In a column last month, I noted that the new all-purpose conservative insult -- calling liberals, especially college students, "snowflakes" who cannot stand the realities of life -- actually applies best to Trump's voters, who are sure that the world is against them and that they deserve not to be called racists even as they voted for an openly bigoted candidate.

This applies more broadly to the supposedly hard-nosed conservatives who constantly complain about how unfair life is to them.  Jeff Sessions said during his confirmation hearings to become Attorney General that his feelings were hurt by accusations of racism.  Some (but not all) conservative professors complain that campus culture is unfair to them, because they are not cheered when they speak their minds.

If anyone should have some sympathy for these conservative academics, I am probably the prime candidate.  As a left-leaning economist who later moved into legal academia, I certainly know what it is like to feel stifled by a professional culture that rules certain ideas and approaches out of acceptable conversations, journals, and departments.

In economics, an ideological purge took place starting in the 1970's (or perhaps a bit earlier).  In a short span of time, it became impossible to publish -- and thus to hold jobs in even lower-ranked economics departments -- unless one accepted a very narrow methodological approach to economics.  That approach was, moreover, inherently conservative.

The process was sometimes anything but subtle.  Some universities went through very public spectacles in which they drove those who rejected the new orthodoxy out of the academy.  Some, like the University of Notre Dame, actually created new economics departments to fill with true believers, shunting the apostates aside into underfunded and unsupported programs that were then supposed to die quietly.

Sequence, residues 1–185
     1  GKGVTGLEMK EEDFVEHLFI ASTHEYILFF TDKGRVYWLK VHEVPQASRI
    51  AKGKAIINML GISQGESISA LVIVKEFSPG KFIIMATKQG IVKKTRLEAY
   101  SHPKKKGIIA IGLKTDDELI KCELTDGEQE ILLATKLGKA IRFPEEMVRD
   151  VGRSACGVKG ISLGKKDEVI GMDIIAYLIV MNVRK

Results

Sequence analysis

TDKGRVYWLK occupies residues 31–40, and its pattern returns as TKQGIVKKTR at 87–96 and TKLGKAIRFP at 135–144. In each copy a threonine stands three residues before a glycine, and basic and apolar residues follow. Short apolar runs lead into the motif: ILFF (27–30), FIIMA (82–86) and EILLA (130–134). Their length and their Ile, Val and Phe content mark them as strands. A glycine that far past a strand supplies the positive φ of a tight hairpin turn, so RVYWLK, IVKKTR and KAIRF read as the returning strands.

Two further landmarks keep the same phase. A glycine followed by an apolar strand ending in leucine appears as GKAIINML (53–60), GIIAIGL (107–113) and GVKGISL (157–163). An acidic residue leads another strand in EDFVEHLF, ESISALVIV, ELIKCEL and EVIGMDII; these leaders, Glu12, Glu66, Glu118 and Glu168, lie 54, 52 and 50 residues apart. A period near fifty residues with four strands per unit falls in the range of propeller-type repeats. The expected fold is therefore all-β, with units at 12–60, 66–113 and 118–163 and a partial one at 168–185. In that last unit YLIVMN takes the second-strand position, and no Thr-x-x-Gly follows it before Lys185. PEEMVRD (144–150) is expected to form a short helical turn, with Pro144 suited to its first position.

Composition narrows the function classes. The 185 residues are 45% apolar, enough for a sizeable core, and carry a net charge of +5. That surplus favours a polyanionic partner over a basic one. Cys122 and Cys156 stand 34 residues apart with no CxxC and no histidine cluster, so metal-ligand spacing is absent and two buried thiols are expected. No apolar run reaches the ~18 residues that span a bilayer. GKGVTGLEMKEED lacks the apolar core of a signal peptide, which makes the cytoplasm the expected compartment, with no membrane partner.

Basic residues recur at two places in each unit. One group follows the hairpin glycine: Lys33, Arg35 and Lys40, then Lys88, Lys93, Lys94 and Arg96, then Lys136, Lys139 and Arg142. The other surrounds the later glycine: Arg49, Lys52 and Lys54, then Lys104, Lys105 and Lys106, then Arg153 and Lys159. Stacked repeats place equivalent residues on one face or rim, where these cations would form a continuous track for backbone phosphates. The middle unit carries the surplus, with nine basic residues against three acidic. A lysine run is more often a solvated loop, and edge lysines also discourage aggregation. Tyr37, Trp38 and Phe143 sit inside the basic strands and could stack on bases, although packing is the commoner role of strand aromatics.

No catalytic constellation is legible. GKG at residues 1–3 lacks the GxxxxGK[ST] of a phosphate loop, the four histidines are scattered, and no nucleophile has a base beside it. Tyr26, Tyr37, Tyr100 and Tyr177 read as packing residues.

Most economics departments, however, simply took what they surely viewed as a sensible I-see-the-trees-and-it's-not-my-job-to-care-about-the-forest approach to hiring and promotion, knowing that a job candidate who rejected rational-choice theory would never be published, which meant that there was no point in hiring her.

Graduate students quickly adapted to the new reality, and by the 1980's, we all knew the paths to professional success.  Required courses in economic history and "history of thought" (that is, economic methodology) became electives or were dropped outright.  Anything viewed as "soft" -- economic development, gender issues, and so on -- was dead in the water.  As one example, Harvard's only tenured "radical" economist in all of those years had been tenured before he rejected the professional orthodoxy.

In 2014, I wrote a series of columns about how economics was overrun by this new conservative wave.  (The last of those columns is here, with links to early columns in the series.)  When I say "conservative," however, readers might be confused, because nearly everyone is aware that New York Times columnist Paul Krugman is politically liberal even as he is the most highly decorated mainstream economist of his generation.

Krugman's existence, however, does not disprove the claim that economics was taken over by an inherently conservative dogma.  Yes, there are still economists who identify as Democrats and whose work can support liberal-ish policies.  But the implicit political requirements of modern economics are still deeply conservative, with liberal results viewed as "special cases" that must be justified by extraordinary steps and additional work in order to pass professional muster.